In the crisis of war, just as in the current Covid-19 crisis, the responsibility for caregiving fell disproportionately on women. The myth that women got a taste of liberation in their wartime occupations fails to take account of the fact that for those in heterosexual unions with dependents, being called up for war work meant balancing the double burden of care work with serving the nation. Initially, only unmarried women or childless widows aged between 20 and 30 were conscripted, but by mid-1943, eighty per cent of married women were working in factories, on the land, or serving in the armed forces.
We tend to think of our current mental health crisis as unprecedented, but the years following the Second World War were an equally emotionally turbulent time. The patients at Roffey Park were not the only people suffering with the aftershocks. British and imperial subjects who had poured their energy into essential war work had also been profoundly affected. Exhausted and plagued by fears of their loved ones at home and abroad, this emotional experience took its toll even after peace was declared. Many demobilised soldiers struggled to adjust to ‘normal’ life; some had acquired additional caring needs due to physical or psychological disabilities. Furthermore, femininity’s juxtaposition against masculine aggression meant wives and mothers were invested with additional responsibility to neutralise the brutalisation of society and nurture the emerging peace.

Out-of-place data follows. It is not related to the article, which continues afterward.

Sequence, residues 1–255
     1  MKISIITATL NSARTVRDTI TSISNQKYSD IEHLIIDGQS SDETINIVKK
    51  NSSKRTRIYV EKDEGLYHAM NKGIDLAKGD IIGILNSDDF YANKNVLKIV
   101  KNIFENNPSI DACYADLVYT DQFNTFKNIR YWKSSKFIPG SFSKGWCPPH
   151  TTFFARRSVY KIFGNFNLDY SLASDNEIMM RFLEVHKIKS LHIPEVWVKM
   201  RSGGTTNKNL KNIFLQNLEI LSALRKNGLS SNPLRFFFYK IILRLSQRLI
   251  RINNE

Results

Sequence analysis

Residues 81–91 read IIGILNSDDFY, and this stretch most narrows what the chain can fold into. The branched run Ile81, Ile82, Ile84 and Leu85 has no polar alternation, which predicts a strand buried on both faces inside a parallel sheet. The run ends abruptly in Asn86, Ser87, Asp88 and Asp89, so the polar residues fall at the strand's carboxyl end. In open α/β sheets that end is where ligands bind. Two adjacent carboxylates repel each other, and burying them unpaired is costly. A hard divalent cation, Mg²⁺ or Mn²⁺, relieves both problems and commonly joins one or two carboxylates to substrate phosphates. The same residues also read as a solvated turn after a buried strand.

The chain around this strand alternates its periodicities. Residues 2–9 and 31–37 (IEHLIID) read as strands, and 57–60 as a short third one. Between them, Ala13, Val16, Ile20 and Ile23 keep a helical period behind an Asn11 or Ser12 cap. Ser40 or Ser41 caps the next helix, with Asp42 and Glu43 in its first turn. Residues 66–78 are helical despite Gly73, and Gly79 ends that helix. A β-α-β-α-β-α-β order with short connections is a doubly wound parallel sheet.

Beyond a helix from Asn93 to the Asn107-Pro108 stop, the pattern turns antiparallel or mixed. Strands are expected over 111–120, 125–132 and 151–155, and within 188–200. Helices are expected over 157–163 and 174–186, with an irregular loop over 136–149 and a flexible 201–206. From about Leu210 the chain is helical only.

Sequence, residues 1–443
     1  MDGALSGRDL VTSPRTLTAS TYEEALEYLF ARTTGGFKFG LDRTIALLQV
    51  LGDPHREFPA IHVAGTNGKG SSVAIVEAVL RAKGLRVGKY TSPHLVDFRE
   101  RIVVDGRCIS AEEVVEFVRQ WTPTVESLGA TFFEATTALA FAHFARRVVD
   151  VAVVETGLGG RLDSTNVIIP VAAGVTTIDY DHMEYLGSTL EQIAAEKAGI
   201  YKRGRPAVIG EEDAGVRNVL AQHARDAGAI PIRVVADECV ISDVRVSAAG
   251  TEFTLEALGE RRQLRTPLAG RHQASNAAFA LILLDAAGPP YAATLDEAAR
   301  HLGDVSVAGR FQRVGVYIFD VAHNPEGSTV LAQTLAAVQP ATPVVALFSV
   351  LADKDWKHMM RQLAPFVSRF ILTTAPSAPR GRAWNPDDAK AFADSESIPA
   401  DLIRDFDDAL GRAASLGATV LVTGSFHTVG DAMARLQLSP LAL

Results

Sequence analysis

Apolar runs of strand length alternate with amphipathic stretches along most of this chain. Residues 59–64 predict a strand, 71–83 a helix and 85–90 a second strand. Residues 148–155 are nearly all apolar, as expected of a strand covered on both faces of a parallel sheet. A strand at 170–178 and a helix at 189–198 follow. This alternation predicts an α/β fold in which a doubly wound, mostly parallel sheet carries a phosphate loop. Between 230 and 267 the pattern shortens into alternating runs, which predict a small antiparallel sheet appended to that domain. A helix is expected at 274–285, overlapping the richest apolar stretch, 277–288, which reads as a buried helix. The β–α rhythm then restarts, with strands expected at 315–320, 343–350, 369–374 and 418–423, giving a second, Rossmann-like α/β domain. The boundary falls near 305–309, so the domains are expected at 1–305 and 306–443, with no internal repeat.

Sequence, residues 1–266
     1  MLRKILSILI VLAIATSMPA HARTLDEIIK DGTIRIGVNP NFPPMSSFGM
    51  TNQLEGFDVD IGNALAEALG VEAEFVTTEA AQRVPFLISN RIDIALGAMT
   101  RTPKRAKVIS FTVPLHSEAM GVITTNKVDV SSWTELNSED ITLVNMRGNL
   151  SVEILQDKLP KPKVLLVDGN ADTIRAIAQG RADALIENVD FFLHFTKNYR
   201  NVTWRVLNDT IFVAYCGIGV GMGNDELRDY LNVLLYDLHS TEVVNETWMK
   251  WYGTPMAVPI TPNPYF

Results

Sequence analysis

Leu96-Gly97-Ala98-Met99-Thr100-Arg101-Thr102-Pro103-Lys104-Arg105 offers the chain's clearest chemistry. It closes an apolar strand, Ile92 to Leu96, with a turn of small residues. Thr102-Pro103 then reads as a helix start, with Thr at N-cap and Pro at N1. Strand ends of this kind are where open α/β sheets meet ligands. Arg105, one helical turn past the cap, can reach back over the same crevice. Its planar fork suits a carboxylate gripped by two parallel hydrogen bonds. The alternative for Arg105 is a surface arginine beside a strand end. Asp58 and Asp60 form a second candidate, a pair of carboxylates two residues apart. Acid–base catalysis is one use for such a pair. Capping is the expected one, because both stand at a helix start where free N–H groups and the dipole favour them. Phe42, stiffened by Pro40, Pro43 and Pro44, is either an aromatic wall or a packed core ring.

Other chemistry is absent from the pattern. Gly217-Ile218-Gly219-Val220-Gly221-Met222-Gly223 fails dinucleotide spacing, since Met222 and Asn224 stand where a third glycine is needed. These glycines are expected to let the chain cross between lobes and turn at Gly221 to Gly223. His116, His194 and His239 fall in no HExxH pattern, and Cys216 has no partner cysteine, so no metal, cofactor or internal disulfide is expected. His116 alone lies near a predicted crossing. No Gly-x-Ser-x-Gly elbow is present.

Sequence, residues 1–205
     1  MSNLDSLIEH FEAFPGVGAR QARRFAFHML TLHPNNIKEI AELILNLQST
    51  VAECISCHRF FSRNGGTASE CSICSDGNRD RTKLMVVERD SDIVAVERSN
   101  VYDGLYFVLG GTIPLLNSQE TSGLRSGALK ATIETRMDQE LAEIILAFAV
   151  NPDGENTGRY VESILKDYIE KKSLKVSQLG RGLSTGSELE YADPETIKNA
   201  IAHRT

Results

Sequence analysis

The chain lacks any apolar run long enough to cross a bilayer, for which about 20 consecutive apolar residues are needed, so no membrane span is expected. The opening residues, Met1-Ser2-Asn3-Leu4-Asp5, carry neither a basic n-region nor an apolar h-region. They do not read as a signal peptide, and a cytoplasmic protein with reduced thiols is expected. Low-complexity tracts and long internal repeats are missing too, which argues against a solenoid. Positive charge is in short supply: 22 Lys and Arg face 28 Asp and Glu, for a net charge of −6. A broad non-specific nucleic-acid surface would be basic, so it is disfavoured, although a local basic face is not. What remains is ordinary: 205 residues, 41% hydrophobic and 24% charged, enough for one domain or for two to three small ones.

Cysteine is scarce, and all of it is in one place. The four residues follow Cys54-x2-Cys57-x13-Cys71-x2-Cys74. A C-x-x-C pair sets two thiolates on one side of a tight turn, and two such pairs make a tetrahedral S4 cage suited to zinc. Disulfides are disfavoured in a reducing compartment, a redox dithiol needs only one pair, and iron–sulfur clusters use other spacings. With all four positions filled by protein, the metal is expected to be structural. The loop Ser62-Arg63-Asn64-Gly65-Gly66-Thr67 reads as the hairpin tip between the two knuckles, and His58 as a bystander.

Ultimately, however, Rehabilitation at Roffey Park shows us that recognition of mothers’ double burden did not lead to calls for the re-gendering of care work. Part of the treatment for trusted women patients involved supervising the children of the Centre’s nurses, at the on-site creche. The film shows Redman cheerfully helping the pink-smocked nursery children down the slide, pulling one timid girl into an affectionate hug. Brunner, as narrator, speaks for Mary in his claim that her work at the creche ‘was a potent factor in her recovery’. Viewers are assured that ‘looking after this gang would not allow much time for introspective brooding over one’s sorrows’. In this instance, the constant mental occupation that childcare demanded (and which had caused Mary Redman such strain in her home life) was reframed as therapeutic: an inconsistency that testifies to the difficulty in addressing the implications of the gender division of labour on mental health. This shouldn’t surprise us: headlines declaring the Covid pandemic responsible for putting gender equality back to the seventies reminds us that without radically questioning the feminisation of care and emotion work, advances in women’s participation in the labour market will continue to be precarious gains.